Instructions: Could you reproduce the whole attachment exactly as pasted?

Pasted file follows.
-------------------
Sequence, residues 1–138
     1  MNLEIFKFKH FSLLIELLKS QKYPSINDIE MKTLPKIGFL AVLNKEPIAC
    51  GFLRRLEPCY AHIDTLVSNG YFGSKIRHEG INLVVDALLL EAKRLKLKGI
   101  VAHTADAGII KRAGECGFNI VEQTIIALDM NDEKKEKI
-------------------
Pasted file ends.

Sequence, residues 1–138
     1  MNLEIFKFKH FSLLIELLKS QKYPSINDIE MKTLPKIGFL AVLNKEPIAC
    51  GFLRRLEPCY AHIDTLVSNG YFGSKIRHEG INLVVDALLL EAKRLKLKGI
   101  VAHTADAGII KRAGECGFNI VEQTIIALDM NDEKKEKI